Awakened by nightmares, then crying, may be synonymous with children. However, nightmares are also often experienced by adults, no matter what their age. In adults, it is often a bad dream can also be triggered by various types of health problems or diseases.
Normally, nightmares don’t happen too often. So, if you include people who often have nightmares, it can be a sign that there are some medical conditions experienced, such as narcolepsy, mental disorders, sleep apnea, the influence of drugs, and nightmare syndrome.
Each detail of the health disorder will be explained below:
According to Dr. Astrid Wulan Kusumoastuti, narcolepsy is a form of neurological disorder that can affect the brain’s ability to regulate one’s sleep-wake cycle.
The extent of narcolepsy misconception as a mild disorder of lazy people, often understate the meaning of this disorder. In fact, people with narcolepsy can be isolated and feel frustrated.
Ideally, a person will experience four stages of sleep, before entering into the stage of deep sleep or REM (Rapid Eye Movement). In narcolepsy sufferers, the first four stages will pass and immediately enter the deep sleep stage.
As a result, narcolepsy sufferers will more often have nightmares and experience sleepiness (sleep paralysis). The sleepiness can be experienced for several minutes, so that the person will sleep peacefully.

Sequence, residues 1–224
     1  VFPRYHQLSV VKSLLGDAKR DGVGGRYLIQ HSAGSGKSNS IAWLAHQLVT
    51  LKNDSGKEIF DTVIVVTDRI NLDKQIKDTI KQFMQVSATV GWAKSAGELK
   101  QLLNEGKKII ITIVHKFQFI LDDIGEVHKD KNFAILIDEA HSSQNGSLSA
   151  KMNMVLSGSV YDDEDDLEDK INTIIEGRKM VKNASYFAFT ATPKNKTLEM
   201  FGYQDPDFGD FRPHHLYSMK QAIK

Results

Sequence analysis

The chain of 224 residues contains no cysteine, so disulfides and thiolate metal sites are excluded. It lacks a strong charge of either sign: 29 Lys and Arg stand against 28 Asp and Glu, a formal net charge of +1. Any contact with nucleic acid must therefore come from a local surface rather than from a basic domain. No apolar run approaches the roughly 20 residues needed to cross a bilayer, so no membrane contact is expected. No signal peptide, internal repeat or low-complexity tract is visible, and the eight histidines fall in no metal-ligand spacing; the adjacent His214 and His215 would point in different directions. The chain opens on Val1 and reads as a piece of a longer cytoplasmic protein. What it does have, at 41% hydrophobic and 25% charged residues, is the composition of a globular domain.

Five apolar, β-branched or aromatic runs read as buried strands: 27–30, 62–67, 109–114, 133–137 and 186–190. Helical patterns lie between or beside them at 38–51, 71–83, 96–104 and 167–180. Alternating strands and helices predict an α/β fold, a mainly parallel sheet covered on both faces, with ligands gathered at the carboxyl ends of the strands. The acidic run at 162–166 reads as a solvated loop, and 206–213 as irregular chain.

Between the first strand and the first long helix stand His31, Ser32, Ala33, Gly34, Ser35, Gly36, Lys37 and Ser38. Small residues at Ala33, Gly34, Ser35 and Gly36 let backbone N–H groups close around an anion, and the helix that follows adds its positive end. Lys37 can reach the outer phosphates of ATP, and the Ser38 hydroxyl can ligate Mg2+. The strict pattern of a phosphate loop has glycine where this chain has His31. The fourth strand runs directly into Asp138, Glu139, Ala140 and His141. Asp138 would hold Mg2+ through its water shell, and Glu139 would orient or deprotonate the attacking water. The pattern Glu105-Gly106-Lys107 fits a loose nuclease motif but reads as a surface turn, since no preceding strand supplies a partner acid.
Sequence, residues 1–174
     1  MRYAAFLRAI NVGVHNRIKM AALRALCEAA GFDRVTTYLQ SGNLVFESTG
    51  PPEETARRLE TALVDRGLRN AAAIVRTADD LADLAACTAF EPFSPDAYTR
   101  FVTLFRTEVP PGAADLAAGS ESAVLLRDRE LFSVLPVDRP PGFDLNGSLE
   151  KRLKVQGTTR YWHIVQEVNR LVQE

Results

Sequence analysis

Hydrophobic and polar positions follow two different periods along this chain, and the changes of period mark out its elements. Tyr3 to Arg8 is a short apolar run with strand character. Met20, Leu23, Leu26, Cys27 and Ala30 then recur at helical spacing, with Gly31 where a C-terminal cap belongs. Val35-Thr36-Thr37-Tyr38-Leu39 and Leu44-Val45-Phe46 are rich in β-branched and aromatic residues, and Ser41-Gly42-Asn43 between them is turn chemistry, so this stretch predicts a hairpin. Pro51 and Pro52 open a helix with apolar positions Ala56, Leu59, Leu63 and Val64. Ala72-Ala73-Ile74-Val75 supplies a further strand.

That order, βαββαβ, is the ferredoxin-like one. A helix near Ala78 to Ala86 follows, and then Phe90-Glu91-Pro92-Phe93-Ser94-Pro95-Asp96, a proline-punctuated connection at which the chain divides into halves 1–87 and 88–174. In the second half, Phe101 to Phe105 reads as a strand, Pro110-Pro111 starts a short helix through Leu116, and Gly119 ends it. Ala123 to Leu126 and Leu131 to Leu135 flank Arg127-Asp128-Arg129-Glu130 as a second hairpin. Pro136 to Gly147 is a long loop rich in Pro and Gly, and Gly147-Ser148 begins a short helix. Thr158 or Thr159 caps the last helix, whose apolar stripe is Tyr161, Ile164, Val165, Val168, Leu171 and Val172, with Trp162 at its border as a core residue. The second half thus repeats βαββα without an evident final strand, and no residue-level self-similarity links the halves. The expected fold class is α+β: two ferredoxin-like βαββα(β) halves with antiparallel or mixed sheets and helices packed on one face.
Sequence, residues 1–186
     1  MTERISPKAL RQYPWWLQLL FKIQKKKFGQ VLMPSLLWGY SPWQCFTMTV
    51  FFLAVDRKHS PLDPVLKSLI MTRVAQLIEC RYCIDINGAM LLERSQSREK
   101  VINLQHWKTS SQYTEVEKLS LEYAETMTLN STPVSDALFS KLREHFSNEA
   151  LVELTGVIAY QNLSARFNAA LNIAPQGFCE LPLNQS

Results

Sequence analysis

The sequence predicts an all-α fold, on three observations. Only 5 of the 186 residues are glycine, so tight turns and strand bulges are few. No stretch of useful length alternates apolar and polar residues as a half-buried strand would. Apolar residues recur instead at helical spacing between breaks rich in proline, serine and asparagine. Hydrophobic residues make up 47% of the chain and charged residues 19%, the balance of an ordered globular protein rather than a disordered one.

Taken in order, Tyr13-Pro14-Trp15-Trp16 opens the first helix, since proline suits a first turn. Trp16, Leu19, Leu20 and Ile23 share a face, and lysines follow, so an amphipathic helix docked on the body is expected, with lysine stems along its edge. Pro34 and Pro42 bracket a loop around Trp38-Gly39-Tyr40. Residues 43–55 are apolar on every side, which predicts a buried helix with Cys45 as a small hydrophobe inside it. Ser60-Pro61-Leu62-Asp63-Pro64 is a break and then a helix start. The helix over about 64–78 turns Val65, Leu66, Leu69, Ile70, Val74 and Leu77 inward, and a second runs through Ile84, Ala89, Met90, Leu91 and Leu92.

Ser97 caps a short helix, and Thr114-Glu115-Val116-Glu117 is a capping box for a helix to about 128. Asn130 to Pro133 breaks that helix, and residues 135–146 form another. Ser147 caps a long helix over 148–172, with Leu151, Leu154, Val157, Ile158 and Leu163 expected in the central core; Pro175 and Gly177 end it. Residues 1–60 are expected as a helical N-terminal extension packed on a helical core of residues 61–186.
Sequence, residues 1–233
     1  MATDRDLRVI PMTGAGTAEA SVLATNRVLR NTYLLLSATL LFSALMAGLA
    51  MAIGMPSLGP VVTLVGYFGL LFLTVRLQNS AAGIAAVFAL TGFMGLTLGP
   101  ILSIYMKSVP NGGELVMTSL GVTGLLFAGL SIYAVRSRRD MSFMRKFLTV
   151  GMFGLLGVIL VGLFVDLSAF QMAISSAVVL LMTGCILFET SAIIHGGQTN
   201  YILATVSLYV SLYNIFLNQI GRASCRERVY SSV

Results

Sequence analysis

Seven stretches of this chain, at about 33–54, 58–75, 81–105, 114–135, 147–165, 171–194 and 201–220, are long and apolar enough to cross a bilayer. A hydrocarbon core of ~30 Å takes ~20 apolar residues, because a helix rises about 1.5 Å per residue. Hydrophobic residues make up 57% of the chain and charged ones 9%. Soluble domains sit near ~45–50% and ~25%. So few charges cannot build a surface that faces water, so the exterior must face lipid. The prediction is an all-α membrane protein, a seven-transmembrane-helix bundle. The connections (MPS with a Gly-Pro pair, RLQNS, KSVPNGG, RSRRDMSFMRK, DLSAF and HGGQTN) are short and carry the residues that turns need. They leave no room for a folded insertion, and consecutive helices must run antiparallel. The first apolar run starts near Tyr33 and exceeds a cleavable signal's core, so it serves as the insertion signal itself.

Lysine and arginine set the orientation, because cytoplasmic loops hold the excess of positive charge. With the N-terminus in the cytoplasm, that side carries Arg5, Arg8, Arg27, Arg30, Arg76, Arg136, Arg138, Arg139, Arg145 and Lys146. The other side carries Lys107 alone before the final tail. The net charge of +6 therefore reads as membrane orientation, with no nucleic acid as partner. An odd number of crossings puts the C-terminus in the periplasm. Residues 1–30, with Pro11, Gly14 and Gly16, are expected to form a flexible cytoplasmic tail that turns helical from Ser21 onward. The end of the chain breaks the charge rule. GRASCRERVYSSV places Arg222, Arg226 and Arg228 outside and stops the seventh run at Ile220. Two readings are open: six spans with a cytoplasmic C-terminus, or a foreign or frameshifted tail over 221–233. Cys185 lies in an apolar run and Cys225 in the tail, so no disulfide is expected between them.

Mental disorders, such as depression and anxiety disorders, can make a person experience nightmares. Post traumatic stress disorder (PTSD) is one of the causes.
According to Dr. Nadia Octavia, PTSD is a mental disorder due to trauma after experiencing certain life-threatening events. This is often experienced by victims of rape, war, fatal accident, or natural disaster.
Nightmares are usually depicted in the form of shadows of trauma-re-recording of events. Unresolved problems or conflicts can also trigger nightmares.
In addition, a person’s personality is also related to dreams. People who are sensitive, often avoid conflicts, harbor problems, and are easily disappointed are more vulnerable to having nightmares.
According to Dr. Alvin Nursalim, SpPD, sleep apnea is a sleep disorder caused by respiratory distress, so that air flow is obstructed into the lungs. This incident can cause breathing stops for a few moments, before finally breathing again.
Obstructive Sleep Apnea (OSA) is the most common cause of sleep apnea. OSA itself is a condition of lack of air entering the respiratory tract due to airway obstruction.
Due to airway obstruction, oxygen supply automatically decreases. Then, the brain will interpret the lack of oxygen as a real threat. For example, you can choke, suffocate, air palpitations, and unconsciously create feelings of fear that make you have nightmares.
Effects of drugs
A number of drugs that affect chemicals in the brain can increase the risk of nightmares. The drugs in question include antidepressants and narcotics. Some blood pressure-lowering drugs actually also have the risk of triggering nightmares. So, stop from drug dependence if you want to prevent unpleasant dreams.
Nightmare syndrome or often referred to as dream anxiety disorder is a sleep disorder (parasomnia) in adults which is characterized by frequent nightmares for no reason and is very clear. Neither treatment, physical disorders, or mental disorders cannot adequately explain why you can have nightmares.
Those are some health problems that can be a frequent cause of nightmares. If in this month, almost every day you experience these unpleasant conditions to shorten sleep and reduce its quality, it is better to consult a doctor directly. Because, the less time you sleep, the more your immune system will decrease.